Bankole: Blacks should stop apologizing for Dems

Bankole Thompson
The Detroit News
Gov. Gretchen Whitmer addresses residents of Benton Harbor at a special community meeting on June 5  to discuss the state's proposal to close the high school.

One of the disappointing reasons why black communities like Detroit, Flint, Benton Harbor and other places often register significantly less gains under Democratic administrations in Michigan is that blacks don’t demand as much from liberals as from Republicans. 

When Democrats are in power, some black political leaders tend to apologize for the inaction of their party on a number of issues. They moonwalk, straddle the fence and make all kinds of excuses as to why black municipalities are not getting the needed help. Sometimes they will even blame previous administrations of the opposite party for their current problems.

Every administration inevitably inherits issues. But once you are in charge, you can no longer make excuses for the past. It’s time to begin to deliver results and not keep pointing to what happened before you took over.

This hypocrisy is playing out in Benton Harbor right now, where some surrogates of Gov. Gretchen Whitmer are on a subtle campaign to blame former Republican Gov. Rick Snyder for what happened in that city. Yet Snyder did not threaten to close the only high school there, but rather entered into an agreement with the school district that kept the school open.

But because some black envoys of the Democratic administration in Lansing don’t seem to want to ask some tough questions of their white liberal bosses regarding how black cities will fare under Whitmer, they blame Snyder and the Republican Legislature. This kind of behavior betrays the spirit of democracy, because we are supposed to hold every governor or mayor accountable regardless of party.

We cannot have one set of standards for Democrats and another set for Republicans on issues of accountability. Both parties are driven largely by interest groups and powerful campaign donors who know how to make Lansing acquiesce to their demands.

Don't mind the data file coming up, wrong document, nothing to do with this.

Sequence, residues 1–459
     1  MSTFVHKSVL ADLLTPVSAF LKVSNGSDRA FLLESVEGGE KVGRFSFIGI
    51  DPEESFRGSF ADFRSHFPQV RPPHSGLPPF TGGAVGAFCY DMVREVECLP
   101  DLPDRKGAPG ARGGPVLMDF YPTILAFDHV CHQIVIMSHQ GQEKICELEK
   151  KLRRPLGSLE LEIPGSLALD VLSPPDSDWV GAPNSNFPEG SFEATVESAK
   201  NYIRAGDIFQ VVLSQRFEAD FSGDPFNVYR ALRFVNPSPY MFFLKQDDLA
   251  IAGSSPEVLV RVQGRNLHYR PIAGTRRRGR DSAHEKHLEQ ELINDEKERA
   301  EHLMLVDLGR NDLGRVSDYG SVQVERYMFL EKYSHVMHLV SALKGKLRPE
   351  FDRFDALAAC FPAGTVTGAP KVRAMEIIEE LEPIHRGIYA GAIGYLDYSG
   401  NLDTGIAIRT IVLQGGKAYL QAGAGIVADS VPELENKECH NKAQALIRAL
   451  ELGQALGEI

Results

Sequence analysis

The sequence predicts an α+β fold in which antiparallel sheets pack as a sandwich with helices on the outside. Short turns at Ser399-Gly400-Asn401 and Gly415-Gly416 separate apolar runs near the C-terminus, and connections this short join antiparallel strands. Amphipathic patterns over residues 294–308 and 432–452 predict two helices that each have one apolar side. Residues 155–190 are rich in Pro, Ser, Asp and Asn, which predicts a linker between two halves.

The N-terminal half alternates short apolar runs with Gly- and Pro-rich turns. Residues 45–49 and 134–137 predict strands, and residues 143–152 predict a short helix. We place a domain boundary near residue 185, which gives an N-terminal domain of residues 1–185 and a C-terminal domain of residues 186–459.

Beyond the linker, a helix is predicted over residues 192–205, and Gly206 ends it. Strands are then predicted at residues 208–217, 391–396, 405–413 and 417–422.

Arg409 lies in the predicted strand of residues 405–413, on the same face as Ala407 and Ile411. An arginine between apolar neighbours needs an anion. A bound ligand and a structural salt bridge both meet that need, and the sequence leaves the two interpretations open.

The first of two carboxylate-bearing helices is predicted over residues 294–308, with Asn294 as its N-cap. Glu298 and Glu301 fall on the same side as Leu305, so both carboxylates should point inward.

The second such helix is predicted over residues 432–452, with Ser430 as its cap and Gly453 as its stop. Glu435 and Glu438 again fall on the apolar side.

Our failure to exhaust all options when Democrats are in power to deal with the crisis facing urban cities is one of the principal reasons why it is sometimes hard to point to quantifiable achievements registered for our socioeconomic advancement.

A top Whitmer surrogate attempted to school me on black personal responsibility regarding the Benton Harbor fiasco, after I talked about the crisis as an example of a racial double standard on a recent panel I was on with author Michael Eric Dyson and CNN host Van Jones. I almost chuckled listening to the purported lesson and the string of apologetic explanations that this individual was trying to roll out to help me see the “bigger picture.”

I had no issue listening to other perspectives. My issue is that it is disingenuous for Democrats to place a set of stringent and questionable demands on a city like Benton Harbor, that is almost at a breaking point, under the guise of "personal responsibility."  

If a Republican administration were offering the kind of bitter pill that the Whitmer administration is now trying to shove down the throat of Benton Harbor, my cellphone would be filled with messages alleging all kinds of racist treatment in this poor black city. There would be no talk about personal responsibility, and all the mainstream black civil rights groups would be preparing for statewide press conferences to make the case that it is a pattern of historic disinvestment in black cities. They would cast the fight as an Armageddon battle.

For all of the shortcomings of his administration, including the Flint water crisis, Snyder signed a $617 million bailout and restructuring plan for the Detroit public schools. Now, Whitmer is frowning upon forgiving the Benton Harbor school district's $18 million debt and pointing to the Legislature instead.

I guess blacks have to go on bended knees to beg Whitmer, a Democrat, to forgive Benton Harbor’s debt.